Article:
It's difficult to do classical albums. I don't just mean that in the sense that it's hard to listen through them. I mean, it's downright difficult to find the specific performance that was nominated.
This one was done by the Professional Choral Institute & Seraphic Fire. Patrick Dupré Quigley was the conductor; James K. Bass was the chorus master. Other names of note included Justin Blackwell and Scott Allen Jarrett on piano, Paul Max Tipton, baratone, and Teresa Wakim, soprano.
Seraphic Fire is a young professional chamber choir based in Miami. This is said to be "a revelatory and fresh rendering of Brahms' masterwork." His original four hand piano score is used, and creates, apparently, this "ravishing tour de force for keyboard and voices." (Yay for Amazon editorial reviews, by the way.)
Well, damn. Now I'm sort of excited for this!
I: "Selig sind, die da Lied tragen" is the first portion. It's beautiful. Things are taken very slowly and built in this gradual, enchanting way that actually brings you in to the music, not just throws it in your face. There's no pressure to have an immediate reaction to the opening. There's no need to like or hate it based on chorus. It just is and that's enough.
II: "Denn alles Fleisch, en ist wie Gras" brings this incredible choral sound. Now, like I said, impossible to find the whole thing, and I can't buy it right now, so I am getting it in preview snippets thanks to iTunes. But, from what I can tell in the minute or so I get to hear, the choir and piano work incredibly well together. The choir voices are so well mixed and gentle - no one is overpowering another. The piano has its moment to shine as well, allowing the actual transitions from portion to portion of whatever tale Brahms is trying to tell.
III: "Herr, lehre doch mich" is the first time I'm actually getting to hear the male soloists' voice. It's very strong, and deeper than I expected. I never did care for the harsher accents in song for though. With a choir it's one thing, but when one voice is making it very apparent, I don't know. Something just doesn't sit right for my ears.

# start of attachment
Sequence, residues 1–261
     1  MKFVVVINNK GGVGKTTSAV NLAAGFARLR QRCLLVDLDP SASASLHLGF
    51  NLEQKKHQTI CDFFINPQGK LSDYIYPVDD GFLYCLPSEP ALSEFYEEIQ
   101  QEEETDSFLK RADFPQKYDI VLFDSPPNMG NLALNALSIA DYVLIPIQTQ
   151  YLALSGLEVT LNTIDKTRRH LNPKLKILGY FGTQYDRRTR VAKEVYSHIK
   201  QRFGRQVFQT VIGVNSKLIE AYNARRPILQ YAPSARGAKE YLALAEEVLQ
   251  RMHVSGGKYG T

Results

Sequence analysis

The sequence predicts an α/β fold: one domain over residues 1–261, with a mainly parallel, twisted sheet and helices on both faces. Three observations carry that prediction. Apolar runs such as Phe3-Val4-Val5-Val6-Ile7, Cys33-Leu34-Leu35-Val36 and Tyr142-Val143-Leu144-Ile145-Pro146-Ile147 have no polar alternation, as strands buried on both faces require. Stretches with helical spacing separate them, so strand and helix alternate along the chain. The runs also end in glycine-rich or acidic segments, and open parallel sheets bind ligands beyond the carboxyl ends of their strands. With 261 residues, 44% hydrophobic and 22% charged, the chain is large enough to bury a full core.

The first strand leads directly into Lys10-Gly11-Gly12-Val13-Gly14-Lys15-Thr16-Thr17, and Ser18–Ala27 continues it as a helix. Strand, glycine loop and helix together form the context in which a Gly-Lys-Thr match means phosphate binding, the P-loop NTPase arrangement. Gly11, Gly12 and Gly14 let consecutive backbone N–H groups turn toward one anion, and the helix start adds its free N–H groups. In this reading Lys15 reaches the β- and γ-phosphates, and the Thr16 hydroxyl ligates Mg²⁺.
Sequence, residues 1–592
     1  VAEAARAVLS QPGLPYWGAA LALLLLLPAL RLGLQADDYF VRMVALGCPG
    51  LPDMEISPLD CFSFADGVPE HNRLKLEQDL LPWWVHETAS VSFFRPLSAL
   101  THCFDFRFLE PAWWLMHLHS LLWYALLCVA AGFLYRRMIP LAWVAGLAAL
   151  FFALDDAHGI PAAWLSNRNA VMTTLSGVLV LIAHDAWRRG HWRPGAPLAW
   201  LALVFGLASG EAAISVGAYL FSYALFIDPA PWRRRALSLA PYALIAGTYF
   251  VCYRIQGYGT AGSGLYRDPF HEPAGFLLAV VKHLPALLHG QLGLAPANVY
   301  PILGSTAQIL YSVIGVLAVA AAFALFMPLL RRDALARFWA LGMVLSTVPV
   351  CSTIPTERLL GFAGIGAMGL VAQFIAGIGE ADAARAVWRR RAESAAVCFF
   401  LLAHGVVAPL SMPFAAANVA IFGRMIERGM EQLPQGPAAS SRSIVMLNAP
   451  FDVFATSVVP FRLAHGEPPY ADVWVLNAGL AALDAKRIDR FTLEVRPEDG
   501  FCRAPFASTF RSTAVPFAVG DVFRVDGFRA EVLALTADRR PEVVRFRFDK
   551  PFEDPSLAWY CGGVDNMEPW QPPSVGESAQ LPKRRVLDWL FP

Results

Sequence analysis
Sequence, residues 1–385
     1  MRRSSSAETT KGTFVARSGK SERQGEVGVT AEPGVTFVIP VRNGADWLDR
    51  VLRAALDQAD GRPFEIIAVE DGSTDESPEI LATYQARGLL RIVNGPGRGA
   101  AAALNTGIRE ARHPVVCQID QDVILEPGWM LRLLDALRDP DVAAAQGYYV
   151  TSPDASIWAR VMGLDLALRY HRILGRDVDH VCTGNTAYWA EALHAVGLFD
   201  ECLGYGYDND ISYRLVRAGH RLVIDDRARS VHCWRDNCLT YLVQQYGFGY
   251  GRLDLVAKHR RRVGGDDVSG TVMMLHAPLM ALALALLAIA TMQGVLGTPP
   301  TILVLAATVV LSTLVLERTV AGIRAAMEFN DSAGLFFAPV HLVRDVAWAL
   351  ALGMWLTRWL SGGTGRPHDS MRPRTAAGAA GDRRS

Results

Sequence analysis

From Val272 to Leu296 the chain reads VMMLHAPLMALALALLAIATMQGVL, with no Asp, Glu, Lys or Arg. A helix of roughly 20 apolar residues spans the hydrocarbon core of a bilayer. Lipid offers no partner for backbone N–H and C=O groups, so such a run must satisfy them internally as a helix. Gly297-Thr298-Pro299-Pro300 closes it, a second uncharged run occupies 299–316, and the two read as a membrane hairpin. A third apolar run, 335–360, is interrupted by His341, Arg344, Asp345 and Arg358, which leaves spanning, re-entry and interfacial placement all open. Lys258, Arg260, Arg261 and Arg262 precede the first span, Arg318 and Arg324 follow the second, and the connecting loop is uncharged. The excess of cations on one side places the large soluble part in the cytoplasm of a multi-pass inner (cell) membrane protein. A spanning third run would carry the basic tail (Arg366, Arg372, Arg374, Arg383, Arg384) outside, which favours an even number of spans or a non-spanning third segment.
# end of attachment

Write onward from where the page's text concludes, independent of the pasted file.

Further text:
IV: "Wie lieblich sind deine Wohnungen" sort of creates this wonderful overlap of voices. It's almost like we're not even listening to a choir of people, but just pretty elements of the world woven together. Sections then get their individual moments, building after each other and joining like there's this desire to remain one. All the while, a piano is steadily supporting them and almost plays the thread that binds.
V: "Ihr habt nun Traurigkeit" is the first time I've now gotten to hear the female soloist really shine, again, given the clip listening. She has quiet a powerful voice as well, and quite a mature one. When reading the description on the group performing this, I was expecting quiet youthful voices, but I'm not complaining. This recording's interesting in that she sounds a little distant. Knowing how they recorded this would be awesome. If it was a studio recording, they used reverb and achieved a concert hall sound. If it was live, they may have ben in an actual hall or church. Oh the possibilities.
VI: "Denn wir haben hie keine bleibende Statt" has a determination to it. Almost as though it's the epic point of action in the piece as a whole. There's the explanation and big battle before the calm at the end. Everyone's involved to their fullest, giving their sides of the story. Have I mentioned how much I love having a blog where I can ramble this much through the weird thoughts in my head?
VII: "Selig sind die Toten" is the final portion of the album and piece as a whole. There is actually a finality sound to it. The voices are more solemn than gentle as they have been. The notes are resolving in hopeful but definite ways. The show is over, and it's time to bring the lights down.
Overall, this is a beautiful piece. I really enjoyed so much about it, and the simplicity that somehow created such a majestic sound still astounds me.